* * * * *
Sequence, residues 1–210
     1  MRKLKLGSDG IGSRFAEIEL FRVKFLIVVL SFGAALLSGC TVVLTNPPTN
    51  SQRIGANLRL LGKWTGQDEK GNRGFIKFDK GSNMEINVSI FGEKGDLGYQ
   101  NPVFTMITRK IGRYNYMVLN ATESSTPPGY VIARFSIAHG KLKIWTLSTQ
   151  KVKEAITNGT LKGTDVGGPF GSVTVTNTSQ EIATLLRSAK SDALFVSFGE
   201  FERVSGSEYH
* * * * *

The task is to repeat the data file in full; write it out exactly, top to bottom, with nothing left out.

Sequence, residues 1–210
     1  MRKLKLGSDG IGSRFAEIEL FRVKFLIVVL SFGAALLSGC TVVLTNPPTN
    51  SQRIGANLRL LGKWTGQDEK GNRGFIKFDK GSNMEINVSI FGEKGDLGYQ
   101  NPVFTMITRK IGRYNYMVLN ATESSTPPGY VIARFSIAHG KLKIWTLSTQ
   151  KVKEAITNGT LKGTDVGGPF GSVTVTNTSQ EIATLLRSAK SDALFVSFGE
   201  FERVSGSEYH